Women didn't have a voice,
and they were accosted,

and they were made fun of.

Women were subservient.

♪ ♪

One day I was walking
out of the club,

and one
of the upper executives,

he says, "I'll walk you home."

He said, "Listen,
it's pretty hot out.

Can I get a drink of water
from you?"

And I said, "Sure."

So he came into my apartment,
and he started kissing me,

and he started grabbing me,
and I said, "Please"--

This was a big executive.
I said, "Please don't do this."

And he said, "Why do you think
you came to work in corporate?"

He said,
"You have to play the game

if you want to do anything
in corporate."

And I was not
an active participant.

He just did what he had to do
and turned around...

♪ ♪

Raped me...

♪ ♪

And walked out.

I was not an isolated case,
I will tell you that right now,

'cause I heard many stories
about the corporate executives

and their hands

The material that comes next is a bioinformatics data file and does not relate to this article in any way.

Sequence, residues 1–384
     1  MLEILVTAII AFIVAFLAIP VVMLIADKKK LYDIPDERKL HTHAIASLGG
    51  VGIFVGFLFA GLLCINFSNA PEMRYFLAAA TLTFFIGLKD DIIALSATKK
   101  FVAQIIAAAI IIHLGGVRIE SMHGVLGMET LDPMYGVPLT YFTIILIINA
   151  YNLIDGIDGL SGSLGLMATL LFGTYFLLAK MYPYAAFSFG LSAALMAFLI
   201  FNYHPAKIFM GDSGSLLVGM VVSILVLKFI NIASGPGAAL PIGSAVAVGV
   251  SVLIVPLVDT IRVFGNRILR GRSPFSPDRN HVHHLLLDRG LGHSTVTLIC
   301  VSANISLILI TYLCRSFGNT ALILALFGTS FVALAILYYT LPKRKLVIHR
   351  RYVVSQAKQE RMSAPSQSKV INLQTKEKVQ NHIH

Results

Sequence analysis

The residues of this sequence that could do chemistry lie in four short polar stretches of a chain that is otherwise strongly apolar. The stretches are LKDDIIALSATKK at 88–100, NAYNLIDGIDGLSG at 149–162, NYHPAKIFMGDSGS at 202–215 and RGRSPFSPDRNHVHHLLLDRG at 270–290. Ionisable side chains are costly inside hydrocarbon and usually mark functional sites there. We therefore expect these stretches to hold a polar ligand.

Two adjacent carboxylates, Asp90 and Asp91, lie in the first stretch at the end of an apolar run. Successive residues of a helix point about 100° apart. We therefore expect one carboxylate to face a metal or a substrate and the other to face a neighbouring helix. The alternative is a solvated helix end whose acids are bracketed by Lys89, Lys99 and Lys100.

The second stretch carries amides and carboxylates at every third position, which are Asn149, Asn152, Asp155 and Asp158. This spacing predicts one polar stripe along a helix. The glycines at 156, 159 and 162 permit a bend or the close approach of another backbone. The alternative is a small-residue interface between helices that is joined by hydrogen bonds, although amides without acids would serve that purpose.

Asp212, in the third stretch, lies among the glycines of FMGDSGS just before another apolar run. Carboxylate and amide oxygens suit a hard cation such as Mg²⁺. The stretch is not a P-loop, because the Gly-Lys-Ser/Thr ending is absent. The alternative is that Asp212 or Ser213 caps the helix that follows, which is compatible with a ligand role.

all over these girls.

It was rampant in Chicago,

with the sexual abuse
of women.

It changed my world...

changed my perception.

This is the way
the corporate executives were.

They could do
whatever they wanted to do,

and they didn't answer
to anybody--that's the thing.

♪ ♪

I was concerned
about the Bunnies.

Our general manager, Mr. Walk,

he continued to harass
all these young girls

that are trying
to make a living.

♪ ♪

So I called a mandatory
Bunny meeting

about the general manager.

I asked the girls, if they had
any personal situations

that they wanted to talk about,
to write them,

but don't sign them, because if
they had their name on there,

I knew that
they would be attacked.

You're never gonna believe
what I found in the garage

as I was going through boxes.

I found all of the notes from
the general manager's meeting.

All of the complaints
and the sexual assaults,

every-[bleep]-thing
is on there.

Oh, here's one of them,

"We're tired of
the condescending attitudes."

"Could conversations
regarding Bunnies' sex lives

and if they got a little last
night stay out of the club?"

♪ ♪

"We want it to be understood,"

and this is in big letters,

"Hands off all the Bunnies."

♪ ♪

I thought that was it.

When I brought
all of these notes

from the Bunny meeting
to my boss, Harriet Bassler,

she got angry.